Literacy up, but reading culture….

ON Thursday September 8, the world marked International Literacy Day.  Media reports indicate that more people have acquired literacy skills in Rwanda. Where before 1994 the country had only one university and a handful of graduates, it is a totally different scenario today. Most of the provinces boast of at least one institution of higher leaning. On the average, 3,000 students graduate annually.
James Tasamba
James Tasamba

ON Thursday September 8, the world marked International Literacy Day.

Media reports indicate that more people have acquired literacy skills in Rwanda.

Where before 1994 the country had only one university and a handful of graduates, it is a totally different scenario today. Most of the provinces boast of at least one institution of higher leaning. On the average, 3,000 students graduate annually.


Higher education in the country has exponentially grown at almost the same pace as the other sectors in Rwanda over the past 17 years.

I, therefore, do not lose any sleep regarding the future of literacy because it is on the right track as all children are offered equal opportunity.

But a look at the reading culture is a little disconcerting. I wonder who will cultivate it among our children. Teachers and parents seem to have little or no time at all to promote reading.

During my school days, I noticed that very few students made use of the library. Those who attempted to do so were dubbed bookworms, a rather demeaning moniker!

Students only get busy in the process of completing their course-work or during examinations in order to pass.

If the reading culture among our students were to be evaluated during examinations, students would certainly be driven to develop a penchant for books. However, this is not the case.

The advent of pamphlets has not helped the situation in schools.

Cultivating a reading culture is not a simple task. It takes the combined efforts of teachers, parents and even political leaders.

Teachers should, for instance, conduct lessons and encourage students to conduct research. In this case, they would be compelled to read widely and make notes about that particular subject.

If reading books, magazines, and newspapers is an important means through which learning and access to information take place, then schools and parents must make every effort to introduce the reading culture to our children at an early age.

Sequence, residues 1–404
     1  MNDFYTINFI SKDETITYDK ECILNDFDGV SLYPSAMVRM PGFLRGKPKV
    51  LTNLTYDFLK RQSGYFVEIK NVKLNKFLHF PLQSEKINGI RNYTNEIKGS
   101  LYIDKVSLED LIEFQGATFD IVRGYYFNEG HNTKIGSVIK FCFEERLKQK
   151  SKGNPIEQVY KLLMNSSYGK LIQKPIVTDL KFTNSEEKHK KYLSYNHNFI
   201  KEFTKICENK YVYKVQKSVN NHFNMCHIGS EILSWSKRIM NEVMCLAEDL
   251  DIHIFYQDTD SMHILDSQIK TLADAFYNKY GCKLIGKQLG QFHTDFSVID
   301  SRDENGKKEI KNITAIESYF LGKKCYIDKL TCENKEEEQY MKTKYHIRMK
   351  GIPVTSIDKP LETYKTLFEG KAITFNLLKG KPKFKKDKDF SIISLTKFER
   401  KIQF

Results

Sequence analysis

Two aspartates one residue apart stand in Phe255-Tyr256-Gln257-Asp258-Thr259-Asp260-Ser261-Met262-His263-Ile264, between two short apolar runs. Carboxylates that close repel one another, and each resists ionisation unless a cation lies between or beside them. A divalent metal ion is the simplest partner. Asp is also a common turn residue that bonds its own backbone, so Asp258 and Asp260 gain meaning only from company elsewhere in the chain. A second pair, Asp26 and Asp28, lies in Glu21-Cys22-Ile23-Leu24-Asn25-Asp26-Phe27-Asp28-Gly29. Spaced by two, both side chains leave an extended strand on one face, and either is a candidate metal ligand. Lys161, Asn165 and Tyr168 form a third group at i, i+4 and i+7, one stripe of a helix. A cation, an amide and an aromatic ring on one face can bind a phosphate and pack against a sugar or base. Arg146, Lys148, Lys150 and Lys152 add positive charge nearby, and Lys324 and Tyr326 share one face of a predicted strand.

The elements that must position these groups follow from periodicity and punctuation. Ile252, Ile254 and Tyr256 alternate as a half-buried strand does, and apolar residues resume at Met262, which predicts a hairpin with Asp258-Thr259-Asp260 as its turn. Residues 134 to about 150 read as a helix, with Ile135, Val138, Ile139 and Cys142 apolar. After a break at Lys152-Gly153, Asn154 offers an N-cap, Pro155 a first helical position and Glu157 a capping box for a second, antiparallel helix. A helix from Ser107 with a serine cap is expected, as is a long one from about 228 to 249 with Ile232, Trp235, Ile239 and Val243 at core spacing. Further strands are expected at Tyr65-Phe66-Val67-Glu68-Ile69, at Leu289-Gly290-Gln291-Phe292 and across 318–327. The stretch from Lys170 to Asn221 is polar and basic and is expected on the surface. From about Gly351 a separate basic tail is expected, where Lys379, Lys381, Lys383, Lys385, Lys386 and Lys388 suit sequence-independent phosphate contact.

Pupils often approached me when I was Bureau Chief of the New Times in Musanze, Bugesera and even after my transfer. On many occasions, they asked me for ‘Ibifuniko’ (scrap paper) to cover their exercise books.

On many cases, I repeatedly declined to give out the newpapers to the pupils leading to their frustration. I had my reasons for it. One is that I wanted them to understand that a newspaper is primarily an information tool –not ‘Ibifuniko’.

When children are conditioned to read regularly, it enables them to acquire the necessary reading speed and skills needed for various practical purposes in the future.

Efficient professionals are characterised by the ability to read and understand written messages quickly.

It may be hard to get white-collar jobs that do not require fast, efficient, and creative reading.

Wide reading does not only provide us with general knowledge but also expands our creativity.

The government should promote libraries in the same way it is rooting for literacy.


Some of the education grants meant for classrooms construction should be diverted to build school libraries. There are barely any libraries in the countryside.

Years ago, I held discussions with a teacher who mooted the idea of opening a community library to not only enhance people’s welfare but also inform them and cultivate a reading culture.

Today, if that person, who happens to have a passion for reading, implemented such an idea- no doubt it would attract many.

jtasamba@gmail.com

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